We woke up relatively early in the morning and packed up our tent. Even though it was still relatively early, we could already feel the sun burning onto our skin while we were standing in the sun. To reach the “Singing Dune”, we took the only road which led us further into the national park. Starting from the ranger station, it was a ride of around 40km to reach the dune. Almost the entirety of these 40km consisted of the harshest washboards we had ridden on so far, only interrupted by occasional sandy sections. While we were riding along this uncomfortable section, the sun slowly climbed further up into the sky and slowly started to roast us in our gear . We could not see a single tree so we just continued until we finally arrived at the dune.
At the bottom of the dune, several cars (the usual combination of driver + a group of tourists) were parked and the passengers had fled into the shade – at least some of them. Several others were in the process of climbing this enormously tall dune standing in the middle of nowhere! Guess, that’s a sacrifice you have to make in order to hear it singing. So, while Fabi had a rest among the shades, Chris began ascending, hoping to hear the dune sing without having to climb to the top. After reaching about 50% of its height, he was convinced that surely, the dune was broken because he still could not hear anything, so there was no point in climbing further up. Even though he had not reached the top, the view you had on the surroundings were already impressive. As the steppe was mainly flat you could see far into the distance.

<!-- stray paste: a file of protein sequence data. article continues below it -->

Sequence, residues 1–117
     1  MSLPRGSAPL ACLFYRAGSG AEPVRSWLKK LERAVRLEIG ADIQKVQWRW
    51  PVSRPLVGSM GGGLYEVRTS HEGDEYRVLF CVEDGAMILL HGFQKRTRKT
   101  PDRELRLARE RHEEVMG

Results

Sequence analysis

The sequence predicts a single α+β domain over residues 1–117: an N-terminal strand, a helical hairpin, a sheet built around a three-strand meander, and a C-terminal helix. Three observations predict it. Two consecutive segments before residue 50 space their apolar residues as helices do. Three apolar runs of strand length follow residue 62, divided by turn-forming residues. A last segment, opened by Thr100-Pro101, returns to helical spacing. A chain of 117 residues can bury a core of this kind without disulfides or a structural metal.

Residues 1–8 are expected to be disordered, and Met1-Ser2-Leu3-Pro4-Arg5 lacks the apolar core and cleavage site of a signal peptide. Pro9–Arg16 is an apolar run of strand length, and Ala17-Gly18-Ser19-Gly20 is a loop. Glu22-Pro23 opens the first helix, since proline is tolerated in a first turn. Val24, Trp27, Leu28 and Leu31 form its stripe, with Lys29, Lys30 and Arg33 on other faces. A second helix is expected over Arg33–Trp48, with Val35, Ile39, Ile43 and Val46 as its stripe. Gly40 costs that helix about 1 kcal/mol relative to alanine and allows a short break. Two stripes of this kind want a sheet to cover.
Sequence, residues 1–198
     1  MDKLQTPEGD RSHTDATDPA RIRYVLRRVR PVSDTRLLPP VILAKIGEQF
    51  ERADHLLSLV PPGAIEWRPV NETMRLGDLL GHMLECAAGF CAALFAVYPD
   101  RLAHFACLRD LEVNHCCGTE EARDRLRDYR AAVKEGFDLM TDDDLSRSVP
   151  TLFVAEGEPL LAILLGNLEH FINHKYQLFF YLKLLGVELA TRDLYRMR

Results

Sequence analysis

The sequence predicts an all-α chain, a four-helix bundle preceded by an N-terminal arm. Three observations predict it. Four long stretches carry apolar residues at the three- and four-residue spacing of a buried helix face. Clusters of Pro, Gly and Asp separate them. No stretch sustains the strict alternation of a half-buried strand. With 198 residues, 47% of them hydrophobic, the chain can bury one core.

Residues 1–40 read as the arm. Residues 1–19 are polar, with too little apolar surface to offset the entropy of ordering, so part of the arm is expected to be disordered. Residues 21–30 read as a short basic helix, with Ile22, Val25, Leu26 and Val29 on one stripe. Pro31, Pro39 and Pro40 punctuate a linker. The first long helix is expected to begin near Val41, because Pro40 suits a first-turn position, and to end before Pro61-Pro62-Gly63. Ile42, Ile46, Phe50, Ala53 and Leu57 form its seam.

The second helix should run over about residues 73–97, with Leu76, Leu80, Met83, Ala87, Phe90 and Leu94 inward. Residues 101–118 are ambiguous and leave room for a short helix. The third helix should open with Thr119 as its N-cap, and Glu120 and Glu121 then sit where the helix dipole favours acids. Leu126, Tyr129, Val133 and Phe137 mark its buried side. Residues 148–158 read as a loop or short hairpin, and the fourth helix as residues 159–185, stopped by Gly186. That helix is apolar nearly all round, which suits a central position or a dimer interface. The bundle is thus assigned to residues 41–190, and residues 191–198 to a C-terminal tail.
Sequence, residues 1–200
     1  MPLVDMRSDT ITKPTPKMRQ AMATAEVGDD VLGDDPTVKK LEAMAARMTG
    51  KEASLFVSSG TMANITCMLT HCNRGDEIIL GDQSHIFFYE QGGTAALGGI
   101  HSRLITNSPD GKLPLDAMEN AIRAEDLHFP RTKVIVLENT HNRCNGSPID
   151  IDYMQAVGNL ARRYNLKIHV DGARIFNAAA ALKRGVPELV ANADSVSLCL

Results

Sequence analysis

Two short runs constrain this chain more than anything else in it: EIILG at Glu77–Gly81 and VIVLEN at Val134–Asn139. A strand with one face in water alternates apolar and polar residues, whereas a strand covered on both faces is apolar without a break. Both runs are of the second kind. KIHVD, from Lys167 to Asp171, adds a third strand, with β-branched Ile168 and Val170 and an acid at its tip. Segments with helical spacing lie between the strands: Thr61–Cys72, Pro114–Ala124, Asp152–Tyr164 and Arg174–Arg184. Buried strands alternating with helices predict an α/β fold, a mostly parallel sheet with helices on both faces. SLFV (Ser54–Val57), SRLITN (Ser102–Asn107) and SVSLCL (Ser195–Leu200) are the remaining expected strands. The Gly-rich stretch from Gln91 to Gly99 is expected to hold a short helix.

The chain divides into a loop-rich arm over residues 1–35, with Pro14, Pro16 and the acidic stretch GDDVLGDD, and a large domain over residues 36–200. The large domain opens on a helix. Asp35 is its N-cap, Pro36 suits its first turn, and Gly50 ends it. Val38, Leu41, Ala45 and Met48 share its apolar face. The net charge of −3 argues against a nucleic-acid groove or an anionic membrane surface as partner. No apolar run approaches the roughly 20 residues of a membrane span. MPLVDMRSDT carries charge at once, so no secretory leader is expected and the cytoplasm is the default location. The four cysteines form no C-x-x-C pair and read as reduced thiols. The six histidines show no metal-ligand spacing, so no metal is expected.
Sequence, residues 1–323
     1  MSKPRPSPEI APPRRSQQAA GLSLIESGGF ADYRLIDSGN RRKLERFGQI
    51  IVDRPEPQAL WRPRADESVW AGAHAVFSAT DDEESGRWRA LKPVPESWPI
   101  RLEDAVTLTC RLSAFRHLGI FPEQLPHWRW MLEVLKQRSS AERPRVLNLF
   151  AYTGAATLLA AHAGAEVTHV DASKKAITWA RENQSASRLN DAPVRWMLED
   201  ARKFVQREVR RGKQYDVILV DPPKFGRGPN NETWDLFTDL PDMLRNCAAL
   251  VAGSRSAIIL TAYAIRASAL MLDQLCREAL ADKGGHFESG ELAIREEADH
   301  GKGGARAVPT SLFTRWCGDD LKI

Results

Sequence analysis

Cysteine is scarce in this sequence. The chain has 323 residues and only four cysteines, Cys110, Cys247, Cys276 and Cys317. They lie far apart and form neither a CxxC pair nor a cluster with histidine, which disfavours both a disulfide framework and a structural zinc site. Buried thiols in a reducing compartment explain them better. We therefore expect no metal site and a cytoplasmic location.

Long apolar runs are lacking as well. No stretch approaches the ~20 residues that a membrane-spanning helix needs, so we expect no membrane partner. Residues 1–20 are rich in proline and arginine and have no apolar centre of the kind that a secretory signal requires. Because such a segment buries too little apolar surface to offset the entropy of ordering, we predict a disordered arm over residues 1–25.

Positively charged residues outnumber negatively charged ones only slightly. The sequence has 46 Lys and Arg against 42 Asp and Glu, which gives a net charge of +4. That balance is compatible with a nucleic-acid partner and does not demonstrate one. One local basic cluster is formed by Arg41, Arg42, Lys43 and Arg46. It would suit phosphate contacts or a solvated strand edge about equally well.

After descending and returning to Fabi, we drove out of the park with the intention to refuel and also to buy some groceries. After refueling, Chris had to repair the headlights of both bikes – they had unsnapped during this 2x40km torture ride. While his headlight could just be popped back into place, one of the connectors of the bike of Fabi was finally completely broken, so a bodger fix was everything that could be done until we could get a replacement part back in Germany. The question now was: drive back into the park to look at an ancient willow which was once touched by Genghis Khan or continue on the road to Almaty and have an overall shorter day today. After some discussion we opted for the short day and checked on iOverlander for some place to stay.
We found campspot which was situated right next to a big lake and decided to set it as our target. Driving westwards was pretty uneventfuly, the roads were mostly straight with no major villages or other things to speak of – at least the road was in a good condition and we could ride at a proper speed. About halfway to our target we rode through a bigger city were greeted by an enormous, modern motorway access leading onto a two way highway. Kazakhstan is currently investing a lot of time into its road network – as we had already experienced during our first short ride through the country, right after our ferry ride. As the construction project is far from finished, there is a mix between freshly built, modern roads in excellent conditions and verying states of other roads. After all kinds of “other roads” during the last days, we were pleastly surprised by the comfortable ride provided by the smooth tarmac and were covering kilometer after kilometer with ease.
At around 4pm we arrived at our destination: a quiet, hidden spot directly at the rocky beach of the lake – definitely recommended but impossible to find if you don’t know what you are looking for. As it was still pretty early, we opted to use our tarp to create some shadow and hopped into the lake for a quick bath. Compared to our experience with other streams and lakes during the last days, the water temperature of this lake was very comfortable so we “soaked” a little to make sure we’d get rid of all the dirt and sweat of the last days.